Longoria talks politics and media

LOOKING GOOD: Eva Longoria is all smiles as she speaks to the media at Auckland's Langham Hotel.
LOOKING GOOD: Eva Longoria is all smiles as she speaks to the media at Auckland's Langham Hotel.

In her first New Zealand appearance yesterday, Eva Longoria put on a show like no other.

The actress is in the country for just two days to put her weight behind the launch of The Shopping Channel.  

Undoubtedly, Longoria is a true star: fodder of gossip pages all over the world, who has lit up TV screens for more than eight years as the sexy Gabrielle Solis in Desperate Housewives.
But stars mean red tape.

A media convoy, made up of around 20 journalists, cameramen and photographers were yesterday loaded onto a bus at one end of Auckland city, and driven less than two kilometres to another location, where the actress made her 20 minute appearance.

With a perky "kia ora", she floated into the room; all glossy hair, silver space-aged nails and killer heels.  She's tiny, and perfectly formed. 

The media had been given firm instructions in the lead up to this moment:  submit two questions for Longoria's "team" to vet, and ask only what made it through the process.

Comparing notes, there seemed to be no rhyme or reason as to why some questions made it and some missed the mark. Oddly, it seemed the tamer the question, the less likely its chances were of being approved. 

But according to the star herself, almost everything was fair game.

"You guys are very tame. This is the tamest press conference I have ever been to...You can ask me whatever you want," she assured us, more than once.

"But it's a matter of [me] answering it."

When pressed to shed light on the heavy-handed nature of the process, Longoria explained having those boundaries in place was all part of the game.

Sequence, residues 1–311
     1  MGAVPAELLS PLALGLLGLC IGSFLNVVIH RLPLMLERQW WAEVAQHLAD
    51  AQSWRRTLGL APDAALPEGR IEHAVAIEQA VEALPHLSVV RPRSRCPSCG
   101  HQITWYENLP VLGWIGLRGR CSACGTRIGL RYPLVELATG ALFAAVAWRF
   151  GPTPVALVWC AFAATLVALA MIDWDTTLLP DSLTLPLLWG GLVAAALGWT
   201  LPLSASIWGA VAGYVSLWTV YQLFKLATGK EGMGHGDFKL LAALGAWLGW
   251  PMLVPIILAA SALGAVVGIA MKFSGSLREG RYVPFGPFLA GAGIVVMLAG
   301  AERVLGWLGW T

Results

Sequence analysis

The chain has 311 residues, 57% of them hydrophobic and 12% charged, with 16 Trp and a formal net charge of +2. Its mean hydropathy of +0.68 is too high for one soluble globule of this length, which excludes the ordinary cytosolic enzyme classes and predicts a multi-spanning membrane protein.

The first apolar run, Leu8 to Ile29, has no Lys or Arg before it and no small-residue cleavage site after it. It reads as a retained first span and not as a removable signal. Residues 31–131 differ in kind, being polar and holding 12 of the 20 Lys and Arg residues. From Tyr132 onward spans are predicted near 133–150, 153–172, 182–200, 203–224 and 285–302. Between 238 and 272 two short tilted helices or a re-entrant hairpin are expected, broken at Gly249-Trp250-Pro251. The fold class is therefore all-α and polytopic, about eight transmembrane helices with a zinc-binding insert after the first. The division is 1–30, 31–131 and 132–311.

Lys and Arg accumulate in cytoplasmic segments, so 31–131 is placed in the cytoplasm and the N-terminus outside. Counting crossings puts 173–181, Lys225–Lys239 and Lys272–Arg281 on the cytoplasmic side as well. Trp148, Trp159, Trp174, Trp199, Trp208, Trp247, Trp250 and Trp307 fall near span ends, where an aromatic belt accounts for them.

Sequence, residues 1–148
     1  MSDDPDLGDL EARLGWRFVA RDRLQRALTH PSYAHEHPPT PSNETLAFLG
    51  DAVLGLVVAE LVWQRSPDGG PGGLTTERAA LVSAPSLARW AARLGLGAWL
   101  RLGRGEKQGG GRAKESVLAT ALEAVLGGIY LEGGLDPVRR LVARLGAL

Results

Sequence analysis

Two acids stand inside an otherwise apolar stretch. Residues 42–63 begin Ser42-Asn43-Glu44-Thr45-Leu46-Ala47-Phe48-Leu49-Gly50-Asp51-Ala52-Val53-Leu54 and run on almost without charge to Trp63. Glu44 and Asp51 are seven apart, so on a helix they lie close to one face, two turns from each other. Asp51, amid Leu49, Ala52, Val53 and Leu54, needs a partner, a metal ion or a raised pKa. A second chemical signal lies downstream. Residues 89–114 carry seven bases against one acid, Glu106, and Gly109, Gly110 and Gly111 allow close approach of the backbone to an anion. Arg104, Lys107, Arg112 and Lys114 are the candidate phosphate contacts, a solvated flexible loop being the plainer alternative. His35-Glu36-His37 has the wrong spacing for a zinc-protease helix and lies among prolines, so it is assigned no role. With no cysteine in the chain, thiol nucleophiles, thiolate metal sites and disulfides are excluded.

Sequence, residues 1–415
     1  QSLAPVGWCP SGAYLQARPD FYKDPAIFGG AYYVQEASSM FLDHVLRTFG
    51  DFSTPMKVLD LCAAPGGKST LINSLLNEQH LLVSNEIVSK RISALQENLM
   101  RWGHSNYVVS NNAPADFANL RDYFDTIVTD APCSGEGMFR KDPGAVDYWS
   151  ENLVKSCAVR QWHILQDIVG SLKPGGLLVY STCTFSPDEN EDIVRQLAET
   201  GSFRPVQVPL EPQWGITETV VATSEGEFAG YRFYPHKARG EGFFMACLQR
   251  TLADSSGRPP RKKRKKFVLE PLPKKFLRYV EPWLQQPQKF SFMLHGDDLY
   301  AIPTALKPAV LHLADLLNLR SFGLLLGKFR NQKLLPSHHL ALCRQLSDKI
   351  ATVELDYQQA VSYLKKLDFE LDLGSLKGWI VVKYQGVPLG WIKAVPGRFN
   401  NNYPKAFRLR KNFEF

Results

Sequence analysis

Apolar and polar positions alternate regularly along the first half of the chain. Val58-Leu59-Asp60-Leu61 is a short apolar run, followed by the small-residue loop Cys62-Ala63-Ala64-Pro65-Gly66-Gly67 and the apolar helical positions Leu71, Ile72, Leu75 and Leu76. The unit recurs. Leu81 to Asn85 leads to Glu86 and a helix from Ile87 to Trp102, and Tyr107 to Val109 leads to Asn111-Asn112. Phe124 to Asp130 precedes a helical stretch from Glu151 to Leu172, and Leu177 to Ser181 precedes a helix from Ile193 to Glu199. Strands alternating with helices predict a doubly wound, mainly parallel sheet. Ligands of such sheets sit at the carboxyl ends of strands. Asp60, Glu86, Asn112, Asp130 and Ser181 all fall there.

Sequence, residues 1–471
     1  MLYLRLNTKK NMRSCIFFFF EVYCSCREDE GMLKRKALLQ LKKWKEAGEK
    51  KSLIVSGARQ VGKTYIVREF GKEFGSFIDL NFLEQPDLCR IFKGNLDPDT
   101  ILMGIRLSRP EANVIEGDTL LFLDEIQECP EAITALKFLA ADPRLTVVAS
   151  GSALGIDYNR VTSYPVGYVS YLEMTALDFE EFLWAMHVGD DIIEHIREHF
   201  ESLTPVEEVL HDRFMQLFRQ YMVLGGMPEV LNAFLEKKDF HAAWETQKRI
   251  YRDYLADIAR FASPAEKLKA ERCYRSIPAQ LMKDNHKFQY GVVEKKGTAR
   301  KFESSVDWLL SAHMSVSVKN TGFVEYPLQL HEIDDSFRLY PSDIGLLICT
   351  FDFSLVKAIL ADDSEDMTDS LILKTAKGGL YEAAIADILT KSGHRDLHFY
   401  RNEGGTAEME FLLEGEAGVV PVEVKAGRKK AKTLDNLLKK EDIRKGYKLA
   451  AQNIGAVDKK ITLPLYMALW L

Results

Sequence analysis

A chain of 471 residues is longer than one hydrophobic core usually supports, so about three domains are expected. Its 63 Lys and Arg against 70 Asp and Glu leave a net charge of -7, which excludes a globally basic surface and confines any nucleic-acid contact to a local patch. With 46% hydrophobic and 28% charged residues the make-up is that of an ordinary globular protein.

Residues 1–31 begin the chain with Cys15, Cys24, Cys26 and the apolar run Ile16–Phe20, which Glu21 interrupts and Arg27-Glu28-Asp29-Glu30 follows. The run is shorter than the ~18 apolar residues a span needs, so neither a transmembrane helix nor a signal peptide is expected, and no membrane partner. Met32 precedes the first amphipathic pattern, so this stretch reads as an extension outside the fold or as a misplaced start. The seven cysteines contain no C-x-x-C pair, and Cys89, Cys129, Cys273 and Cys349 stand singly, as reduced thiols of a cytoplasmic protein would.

"I think it's important, because if you ask me about my friendship with Victoria Beckham, what has that got to do with The Shopping Channel?"

One could ask the same of the many, many questions about her political activism, but Longoria thinks politics falls into the "important" topics, along with The Shopping Channel and New Zealand itself.

"I don't think it's important to talk about who I'm dating."

Instead, there was approved question after question about her work with President Obama - she is co-chair of his re-election campaign - and she certainly knew what she was talking about, reeling off stats and policies like the politician she works alongside.
Longoria first volunteered in politics during the first Clinton campaign when she was 17.

"My political activism has evolved, but was civically engaged long before I was famous so it's just been a natural progression for me. 

"I care deeply about my country."

The 37-year-old also cares deeply about standing on her own two feet, owning restaurants, writing books and releasing a handful of fragrances on top of her political work.

"I think it's important, as a woman, to diversify. I've always been ambitious to have my own empire and I've never thought I would have the global reach I have today."

But the actress has a lighter side as well.

She thinks a young Richard Gere should play the lead role in the Fifty Shades of Grey film; her first big purchase was a new house for her parents and her flawless skin is thanks to a lot of moisturising and treatments.

"It's painful... facials are work."

But Longoria seems to be as hard to understand as the way she vets questions.

She described herself as "pretty domestic", cooking and staying at home since Desperate Housewives ended earlier this year, but in the same breath, she carried on to say she will be extremely busy for the next few months travelling for, and with, Obama.

"There's a lot more to life [than living in hair and make up]."

Auckland Now